UN Agency Says Hole In Ozone Is Smaller Than In 2008
Experts say the hole in the ozone is expected to be smaller in 2009 than it was a year ago, AFP reported.
The World Meteorological Organization reported on Wednesday that conditions observed so far could indicate that the 2009 ozone hole will be smaller than those of 2006 and 2008 and close to that of 2007.
The UN agency discovered the hole over the Antarctic in the 1980s. Experts there said it regularly tends to form in August, reaching a maximum size by late September or early October before it fills again in December.
Weather conditions play a large role in the size of the hole.
Geir Braathen, the WMO’s expert on the ozone, said this year the hole began forming earlier than before and on September 16 it stood at 10 million square miles.
The maximum reached was 10 million square miles in 2008, while in 2007 the maximum was 9 million square miles.
However, the damage to the ozone layer, which shields the Earth from harmful ultra-violet rays, is so bad that it will only attain full recovery in 2075, experts warned.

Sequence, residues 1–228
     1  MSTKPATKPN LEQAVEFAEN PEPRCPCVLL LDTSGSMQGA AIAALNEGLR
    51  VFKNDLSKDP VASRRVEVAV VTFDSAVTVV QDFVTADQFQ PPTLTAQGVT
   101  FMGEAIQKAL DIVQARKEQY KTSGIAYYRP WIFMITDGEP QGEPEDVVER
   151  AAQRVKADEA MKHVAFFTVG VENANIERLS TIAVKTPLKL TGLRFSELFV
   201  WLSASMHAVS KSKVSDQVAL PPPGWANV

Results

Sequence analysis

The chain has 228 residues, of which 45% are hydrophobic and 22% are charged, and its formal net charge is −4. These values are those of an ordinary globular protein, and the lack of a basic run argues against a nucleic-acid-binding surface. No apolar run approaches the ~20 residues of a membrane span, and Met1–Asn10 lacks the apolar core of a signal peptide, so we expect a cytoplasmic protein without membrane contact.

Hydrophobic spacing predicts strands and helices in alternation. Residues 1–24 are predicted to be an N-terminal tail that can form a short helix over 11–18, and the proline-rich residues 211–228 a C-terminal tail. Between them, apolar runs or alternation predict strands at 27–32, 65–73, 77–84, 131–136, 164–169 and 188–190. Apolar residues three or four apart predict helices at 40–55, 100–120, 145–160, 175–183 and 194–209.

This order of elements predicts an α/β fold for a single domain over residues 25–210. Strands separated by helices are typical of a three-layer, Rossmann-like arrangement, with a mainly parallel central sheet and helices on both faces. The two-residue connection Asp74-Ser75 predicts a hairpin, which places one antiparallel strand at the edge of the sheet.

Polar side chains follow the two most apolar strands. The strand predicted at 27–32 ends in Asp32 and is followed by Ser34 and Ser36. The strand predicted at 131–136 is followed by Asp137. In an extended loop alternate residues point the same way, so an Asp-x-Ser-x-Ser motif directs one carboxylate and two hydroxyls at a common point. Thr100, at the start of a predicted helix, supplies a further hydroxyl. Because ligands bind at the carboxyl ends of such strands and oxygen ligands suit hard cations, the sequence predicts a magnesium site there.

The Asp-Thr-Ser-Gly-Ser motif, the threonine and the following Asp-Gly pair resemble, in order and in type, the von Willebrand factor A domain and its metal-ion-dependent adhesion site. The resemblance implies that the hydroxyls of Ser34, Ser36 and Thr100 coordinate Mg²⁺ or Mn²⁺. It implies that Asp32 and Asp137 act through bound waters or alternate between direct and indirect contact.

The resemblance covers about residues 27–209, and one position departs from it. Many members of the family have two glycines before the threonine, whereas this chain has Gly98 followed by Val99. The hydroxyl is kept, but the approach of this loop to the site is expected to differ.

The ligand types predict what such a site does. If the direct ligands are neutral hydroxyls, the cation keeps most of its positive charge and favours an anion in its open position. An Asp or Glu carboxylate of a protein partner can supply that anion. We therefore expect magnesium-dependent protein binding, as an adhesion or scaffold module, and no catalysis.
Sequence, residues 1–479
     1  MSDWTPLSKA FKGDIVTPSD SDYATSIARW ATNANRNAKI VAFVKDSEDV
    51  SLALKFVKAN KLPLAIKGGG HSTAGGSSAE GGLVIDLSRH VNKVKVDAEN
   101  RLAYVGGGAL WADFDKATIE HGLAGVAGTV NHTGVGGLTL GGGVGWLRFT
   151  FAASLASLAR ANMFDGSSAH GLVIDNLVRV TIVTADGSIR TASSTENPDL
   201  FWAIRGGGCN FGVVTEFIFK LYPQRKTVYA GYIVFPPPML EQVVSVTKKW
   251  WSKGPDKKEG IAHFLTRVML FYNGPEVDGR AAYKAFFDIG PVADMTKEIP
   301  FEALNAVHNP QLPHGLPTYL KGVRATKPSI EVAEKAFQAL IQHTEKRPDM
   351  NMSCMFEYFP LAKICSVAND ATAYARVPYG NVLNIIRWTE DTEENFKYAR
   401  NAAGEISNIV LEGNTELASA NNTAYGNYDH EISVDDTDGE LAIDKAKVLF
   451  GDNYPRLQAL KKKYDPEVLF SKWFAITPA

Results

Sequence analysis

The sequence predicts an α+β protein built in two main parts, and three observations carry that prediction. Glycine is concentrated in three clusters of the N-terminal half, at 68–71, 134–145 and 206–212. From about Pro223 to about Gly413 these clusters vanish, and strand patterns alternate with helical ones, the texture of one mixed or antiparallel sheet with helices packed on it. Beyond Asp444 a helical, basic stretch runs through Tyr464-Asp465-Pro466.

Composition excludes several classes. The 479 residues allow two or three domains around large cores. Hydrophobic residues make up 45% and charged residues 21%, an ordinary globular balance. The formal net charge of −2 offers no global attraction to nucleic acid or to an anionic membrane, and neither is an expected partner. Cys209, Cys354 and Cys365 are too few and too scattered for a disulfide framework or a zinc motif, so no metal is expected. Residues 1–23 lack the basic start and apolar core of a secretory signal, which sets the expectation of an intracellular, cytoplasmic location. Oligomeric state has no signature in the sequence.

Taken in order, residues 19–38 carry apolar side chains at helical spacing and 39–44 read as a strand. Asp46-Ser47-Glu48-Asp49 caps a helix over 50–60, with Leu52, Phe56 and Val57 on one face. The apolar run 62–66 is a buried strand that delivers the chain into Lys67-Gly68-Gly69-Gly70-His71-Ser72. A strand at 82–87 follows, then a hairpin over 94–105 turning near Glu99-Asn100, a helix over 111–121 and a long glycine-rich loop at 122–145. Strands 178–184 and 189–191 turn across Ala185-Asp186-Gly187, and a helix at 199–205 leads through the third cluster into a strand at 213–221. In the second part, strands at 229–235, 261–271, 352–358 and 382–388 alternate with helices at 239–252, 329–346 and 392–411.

The ozone provides a natural protective filter against the sun’s harmful ultra-violet rays, which can damage vegetation as well as cause sunburn, cataracts and skin cancer.
Extreme cold at high altitude and a particular type of pollution, from chemicals often used in refrigeration, have contributed to the layers depletion.
Some plastic foams, or aerosol sprays, which have accumulated in the atmosphere, also add to the ozone’s destruction.
The 1987 Montreal Protocol is currently phasing out most of these chemicals, known as chlorofluorocarbons (CFCs), but they can linger in the atmosphere for decades.
Image Caption: Image of the largest Antarctic ozone hole ever recorded (September 2006). NASA
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